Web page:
highway, countryside, wales

My view on the current recruitment market 2024?

Most conversations I have these days involve the phrases “potentially cutting back” and “reassessing our options” which are indicative of the current jobs and economic situation.

Having spoken to several fellow directors it appears that in today’s highly competitive marketplace, the interplay between the UK banking sector and the broader economy has a profound influence on a company’s capacity for growth and recruitment expansion. As we grapple with the challenges and opportunities of 2024, it becomes ever clearer that the financial markets are both a driving force and a potential obstacle for companies here in Wales.

The health of the UK economy, which has been exhibiting modest growth with a forecasted GDP increase of 1.5% in 2024 according to the Office for National Statistics, is a double-edged sword for businesses. On one hand, stable growth signals a fertile ground for expansion and hiring; yet on the flip side, this is tempered by inflation rates lingering around 2.7%, nudging the cost of living upwards and applying pressure on wages.

Companies rely on the banking sector for loans and financial services to fuel their growth trajectories. However, the current climate of uncertainty surrounding Brexit has led to a cautious approach from banks and borrowing costs have seen a slight uptick. Interest rates, now at 1.25%, remain historically low, but banks are increasingly risk-averse — a trend that echoes the global financial atmosphere.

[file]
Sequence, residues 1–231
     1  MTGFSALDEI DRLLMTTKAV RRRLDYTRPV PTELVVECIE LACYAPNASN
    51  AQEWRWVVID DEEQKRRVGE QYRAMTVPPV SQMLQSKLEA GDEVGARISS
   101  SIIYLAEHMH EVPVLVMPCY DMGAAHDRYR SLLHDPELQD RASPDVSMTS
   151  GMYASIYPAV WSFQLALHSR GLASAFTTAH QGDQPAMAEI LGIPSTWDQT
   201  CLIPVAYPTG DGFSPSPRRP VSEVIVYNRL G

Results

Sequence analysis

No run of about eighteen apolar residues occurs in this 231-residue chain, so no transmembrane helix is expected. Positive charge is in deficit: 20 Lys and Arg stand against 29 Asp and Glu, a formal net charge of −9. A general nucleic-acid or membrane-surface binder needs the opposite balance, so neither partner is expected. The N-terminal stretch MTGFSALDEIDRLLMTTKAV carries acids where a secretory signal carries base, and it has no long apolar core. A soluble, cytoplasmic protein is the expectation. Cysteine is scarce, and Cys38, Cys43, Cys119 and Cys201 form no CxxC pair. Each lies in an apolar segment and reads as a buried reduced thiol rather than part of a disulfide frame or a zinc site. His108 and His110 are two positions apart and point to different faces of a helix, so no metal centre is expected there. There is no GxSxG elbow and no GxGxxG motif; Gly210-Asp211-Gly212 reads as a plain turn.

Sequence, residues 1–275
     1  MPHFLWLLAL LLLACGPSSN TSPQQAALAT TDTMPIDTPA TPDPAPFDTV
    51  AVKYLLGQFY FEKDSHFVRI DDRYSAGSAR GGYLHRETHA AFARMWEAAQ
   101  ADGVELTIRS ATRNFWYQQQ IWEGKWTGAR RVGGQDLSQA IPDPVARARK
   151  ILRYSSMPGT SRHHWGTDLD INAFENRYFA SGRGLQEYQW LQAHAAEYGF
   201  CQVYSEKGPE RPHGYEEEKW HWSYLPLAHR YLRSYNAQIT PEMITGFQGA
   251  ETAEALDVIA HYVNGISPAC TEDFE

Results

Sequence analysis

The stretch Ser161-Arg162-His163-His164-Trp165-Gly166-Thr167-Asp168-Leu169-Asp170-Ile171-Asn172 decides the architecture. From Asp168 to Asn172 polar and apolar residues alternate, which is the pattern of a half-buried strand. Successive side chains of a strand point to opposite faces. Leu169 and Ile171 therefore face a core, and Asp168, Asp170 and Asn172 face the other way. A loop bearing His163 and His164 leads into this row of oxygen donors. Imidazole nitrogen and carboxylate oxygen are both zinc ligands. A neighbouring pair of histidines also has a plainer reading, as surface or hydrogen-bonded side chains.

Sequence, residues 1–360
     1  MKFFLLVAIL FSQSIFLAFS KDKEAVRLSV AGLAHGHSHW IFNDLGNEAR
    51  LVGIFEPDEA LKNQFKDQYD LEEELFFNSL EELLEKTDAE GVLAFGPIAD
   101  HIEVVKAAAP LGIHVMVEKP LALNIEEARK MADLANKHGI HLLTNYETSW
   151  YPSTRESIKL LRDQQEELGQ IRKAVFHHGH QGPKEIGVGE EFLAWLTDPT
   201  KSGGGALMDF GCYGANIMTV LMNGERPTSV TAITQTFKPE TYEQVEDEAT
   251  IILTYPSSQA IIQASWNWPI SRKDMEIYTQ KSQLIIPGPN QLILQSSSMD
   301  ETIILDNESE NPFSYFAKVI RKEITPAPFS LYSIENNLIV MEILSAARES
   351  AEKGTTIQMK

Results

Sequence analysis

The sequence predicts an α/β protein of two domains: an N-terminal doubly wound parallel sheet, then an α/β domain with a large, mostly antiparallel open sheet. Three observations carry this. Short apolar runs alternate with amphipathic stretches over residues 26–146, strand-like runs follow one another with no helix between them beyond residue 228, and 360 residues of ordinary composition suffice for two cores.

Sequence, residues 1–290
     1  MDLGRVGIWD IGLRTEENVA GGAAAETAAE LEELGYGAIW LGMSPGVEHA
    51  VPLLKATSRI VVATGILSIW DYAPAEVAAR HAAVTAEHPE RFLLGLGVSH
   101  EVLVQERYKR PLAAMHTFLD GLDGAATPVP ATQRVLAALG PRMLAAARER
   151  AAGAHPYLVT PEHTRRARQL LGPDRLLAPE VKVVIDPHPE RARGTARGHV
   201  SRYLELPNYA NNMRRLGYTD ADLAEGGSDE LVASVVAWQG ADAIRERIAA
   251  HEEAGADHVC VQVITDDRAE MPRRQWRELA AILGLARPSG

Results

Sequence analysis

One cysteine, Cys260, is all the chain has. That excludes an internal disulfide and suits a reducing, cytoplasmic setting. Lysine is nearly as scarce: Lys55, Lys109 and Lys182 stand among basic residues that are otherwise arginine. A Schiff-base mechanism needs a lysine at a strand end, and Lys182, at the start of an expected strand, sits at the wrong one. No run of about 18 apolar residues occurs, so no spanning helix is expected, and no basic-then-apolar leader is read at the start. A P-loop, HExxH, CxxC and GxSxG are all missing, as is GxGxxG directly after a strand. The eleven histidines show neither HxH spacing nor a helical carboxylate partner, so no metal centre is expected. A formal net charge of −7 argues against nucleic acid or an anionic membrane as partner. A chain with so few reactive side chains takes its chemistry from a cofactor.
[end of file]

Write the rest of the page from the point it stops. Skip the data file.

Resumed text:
The tentativeness of the banking sector significantly impacts companies planning to boost their workforce. Start-ups and SMEs here in Wales are finding the once-open doors of credit gradually closing and are facing the squeeze. In particular, tech startups, the pioneers of innovation are feeling the pinch. Amidst a recessionary environment, the struggle to secure finance is intensified by investors’ wariness. With the 2024 VC funding dipping by 20% compared to the previous year, according to TechNation, the dreams of rapid scale-up are being tempered by the stark realities of economic sobriety.

The wariness to invest stems from several reasons. First, the profitability horizon for startups is often long-term and laden with uncertainty; a less-than-ideal prospect during economic downturns! Lastly, the recession leads to reduced consumer spending, directly impacting the bottom line of tech enterprises that thrive on market adoption.

With each ripple in the financial markets and each policy adjustment, UK businesses must navigate with caution and creativity. For tech startups in the eye of the recession storm, the path to raising finance is fraught with challenges. Yet, it’s a testament to investors and government organisations we have in Wales that allow innovation to continue to persevere and drive expansion.

I do believe that post March 2024, in the new tax year for many, things will improve but with companies continuing that watchful eye.

We keep on!


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